What a Facebook Blockchain Token Might Look Like

Mark Zuckerberg, worth $71 billion at just 33, has done rather well by Facebook’s centrally managed system.

Over the past decade and a half, the social media behemoth’s closed-source algorithm has quietly manipulated its millions of users’ news feeds to capture maximum ad dollars and steer them all to Zuck and his shareholders.

So, why is he exploring a more decentralized model?  And what role might crypto technology play in that?

In a New Year’s post to the platform, the Facebook CEO noted (with zero irony, it seems) that

“With the rise of a small number of big tech companies … many people now believe technology only centralizes power rather than decentralizes it.”

And he vowed, on that basis, “to go deeper and study the positive and negative aspects” of decentralizing, people-empowering technologies such as cryptocurrencies and encryption.

It was followed by another post telling users that upcoming changes to their news feeds meant they “can expect to see more from your friends, family and groups” and “less public content like posts from businesses, brands, and media.”

It remains to be seen whether this bet in favor of “meaningful social interactions” over higher traffic content is, as Zuckerberg said, “good for our community and our business over the long term.” The immediate reaction on Wall Street was harsh: Facebook’s shares fell 4.5 percent last Friday following the second post.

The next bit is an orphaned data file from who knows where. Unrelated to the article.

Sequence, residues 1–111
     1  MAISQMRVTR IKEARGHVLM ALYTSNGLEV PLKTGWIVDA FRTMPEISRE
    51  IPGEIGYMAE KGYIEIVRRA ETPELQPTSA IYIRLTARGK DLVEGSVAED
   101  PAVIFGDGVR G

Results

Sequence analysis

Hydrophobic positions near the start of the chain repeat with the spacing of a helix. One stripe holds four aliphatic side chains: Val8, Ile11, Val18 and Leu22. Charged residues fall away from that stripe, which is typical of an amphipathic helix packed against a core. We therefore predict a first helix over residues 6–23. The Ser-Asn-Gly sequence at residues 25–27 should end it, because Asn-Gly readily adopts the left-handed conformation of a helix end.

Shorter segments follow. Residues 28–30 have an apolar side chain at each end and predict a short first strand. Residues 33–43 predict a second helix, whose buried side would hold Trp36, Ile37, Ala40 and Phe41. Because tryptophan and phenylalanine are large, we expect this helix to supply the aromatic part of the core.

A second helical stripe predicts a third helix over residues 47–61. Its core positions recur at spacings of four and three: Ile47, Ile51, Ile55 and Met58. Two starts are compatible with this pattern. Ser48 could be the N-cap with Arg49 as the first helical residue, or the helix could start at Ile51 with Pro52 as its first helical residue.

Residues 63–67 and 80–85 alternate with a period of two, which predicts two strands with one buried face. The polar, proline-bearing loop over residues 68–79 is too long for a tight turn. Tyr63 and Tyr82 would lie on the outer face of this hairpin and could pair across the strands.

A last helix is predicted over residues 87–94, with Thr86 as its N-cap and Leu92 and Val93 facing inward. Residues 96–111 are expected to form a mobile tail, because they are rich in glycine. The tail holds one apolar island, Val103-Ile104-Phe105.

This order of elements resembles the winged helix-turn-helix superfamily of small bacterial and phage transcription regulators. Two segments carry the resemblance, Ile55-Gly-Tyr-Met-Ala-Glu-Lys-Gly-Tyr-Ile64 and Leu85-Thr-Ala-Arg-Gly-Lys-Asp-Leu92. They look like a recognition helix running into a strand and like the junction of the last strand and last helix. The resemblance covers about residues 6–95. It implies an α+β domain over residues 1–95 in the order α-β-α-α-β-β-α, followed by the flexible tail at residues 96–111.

It was a predictable response: if Facebook will no longer curate new feeds to emphasize strong, ad-attracting content, then revenues, and returns to shareholders, will decline.

Threats to Facebook

So, why’d Zuck do it?

The prevailing wisdom is he wants Washington off his back.

The Russian political investigation has shone a light on how Facebook uses its proprietary, closed-source algorithm, the core instrument of its centralized power, to deliberately package “like audiences” for advertisers.

More important than allegations that Russian operatives used Facebook to spread disinformation and influence U.S. elections is the fact that Facebook has become so powerful a force that this kind of meddling is possible.

What’s more, its algorithm effectively encourages it, if unwittingly: it naturally creates echo chambers of commonly minded people who will happily re-share and redistribute content they agree with, creating a sticky audience to sell to advertisers.

This happens even, or perhaps especially, when the stories they are sharing are demonstrably fake.

But Zuckerberg is clearly also bothered by rising disaffection among his users, a group to whom cyber security guru Bruce Schneier once offered this warning: “Don’t make the mistake of thinking you’re Facebook’s customer, you’re not – you’re the product.”

It took a while, but many now understand the bum deal they’re getting: they produce and distribute the content that drives traffic on the site, as well as delivering attention to advertisers, but aren’t compensated one penny for it.

To make matters worse, they’re forced to look at content they don’t want to see. (Who else is in the crypto community is sick of James Altucher’s “eccentric bitcoin expert” ads in their Facebook feed?)

The problem is that under the current business model, the more Facebook decentralizes – either by being less interventionist in news feed curation or by following YouTube’s lead and sharing ad revenue with traffic-driving users – shareholders will either get a smaller pie or a smaller piece of it, or both.

On the other hand, if user discontent leads to attrition or even an all-out exodus, it matters not that shareholders are protecting their margins – advertisers will leave, revenues will slide and, eventually, the platform could die.

The rise and fall of MySpace, the once ubiquitous platform that Facebook displaced, is a reminder that the latter’s dominance is not guaranteed…

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